All along Samoan roads there are speed bumps and pot holes.  Theron hit one speed bump too fast and groans abounded in the back seat.  How bad he felt, he just couldn't see it and get slowed in time.  We are not familiar with this part of the island nor where this medical facility was located so when we determined the village was close, we started asking those along the road where the medical center was located.  Upon arrival, the nurses brought a gurney, but they couldn't lift him onto it, so they brought a wheelchair.  People standing by took charge and moved him - as he grimaced with  pain.

The fellow with the neck injury was lifted up and out of the car and a fellow helped him walk into the care room.  Not sure how he will fair with a neck injury.  Our ambulance lacked a lot of equipment and comfort.  I walked into the care center to see the wound on the man's leg and it was gross, The wound was about three inches in diameter and deep enough that we could see what appeared to be crushed bone and some pretty torn up tissue. There was plenty of  blood and stuff (that's a good medical term) oozing out.  I know that they often don't properly treat severe injures of limbs here, it's easier to amputate and ambulate than repair and rehabilitate.  We wonder what his outcome will be.  We just don't realize the quality of the medical care we have back in the 1st world.  Shortly after we arrived another car pulled in with a couple of the other men who had minor injuries.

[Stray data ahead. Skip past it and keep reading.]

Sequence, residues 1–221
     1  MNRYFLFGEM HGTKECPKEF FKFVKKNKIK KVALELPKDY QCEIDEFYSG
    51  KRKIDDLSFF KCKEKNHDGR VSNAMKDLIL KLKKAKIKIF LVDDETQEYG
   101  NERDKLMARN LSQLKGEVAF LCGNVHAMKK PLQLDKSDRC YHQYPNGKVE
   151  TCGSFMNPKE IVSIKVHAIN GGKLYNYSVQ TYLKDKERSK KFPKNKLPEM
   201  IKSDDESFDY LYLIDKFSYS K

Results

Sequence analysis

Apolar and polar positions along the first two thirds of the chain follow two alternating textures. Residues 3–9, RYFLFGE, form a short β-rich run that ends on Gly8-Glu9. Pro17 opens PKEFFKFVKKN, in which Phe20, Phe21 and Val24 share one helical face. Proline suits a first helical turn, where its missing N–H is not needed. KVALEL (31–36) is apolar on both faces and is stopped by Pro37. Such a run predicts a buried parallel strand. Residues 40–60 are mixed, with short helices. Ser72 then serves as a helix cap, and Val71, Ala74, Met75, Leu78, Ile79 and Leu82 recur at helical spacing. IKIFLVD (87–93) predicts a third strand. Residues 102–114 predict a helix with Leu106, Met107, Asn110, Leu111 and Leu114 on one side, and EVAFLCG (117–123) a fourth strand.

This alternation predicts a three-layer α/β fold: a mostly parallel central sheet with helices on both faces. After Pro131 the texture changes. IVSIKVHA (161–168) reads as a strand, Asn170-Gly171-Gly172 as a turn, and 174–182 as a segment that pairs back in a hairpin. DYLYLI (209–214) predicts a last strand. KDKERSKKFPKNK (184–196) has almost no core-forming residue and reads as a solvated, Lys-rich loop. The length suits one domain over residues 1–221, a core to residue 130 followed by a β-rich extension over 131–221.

We finished our work and then traveled back towards Apia.  When we came upon the wreck site, we saw 4 guys still sitting on the grass.  These fellows had been riding in the truck.  One was in the cab with the driver (the neck injury) and the others had been riding on the back of the flat bed on top of the load of coconuts.  Three were able to jump off or were thrown clear as the truck rolled, but the fellow we transported with the leg injury had been sleeping on the coconuts and he received the worst injury, I can't imagine how violently he had been thrown around.

The remaining men were staying with the truck until they could get it towed, so we gave them our stash of power bars and taro chips and headed on to a satellite training at Nauvu.  We're thankful that we could help in a small way. We wish these guys a quick recovery.  We now add emergency medical transport service to our list of missionary activities.  Love to all.

(The truck is facing opposite the direction of travel.  It slid sideways on the road and then rolled once.  The metal sides of the truck were torn off and most of the bags of coconuts are actually under the truck.  One of the men stated that they were traveling too fast.)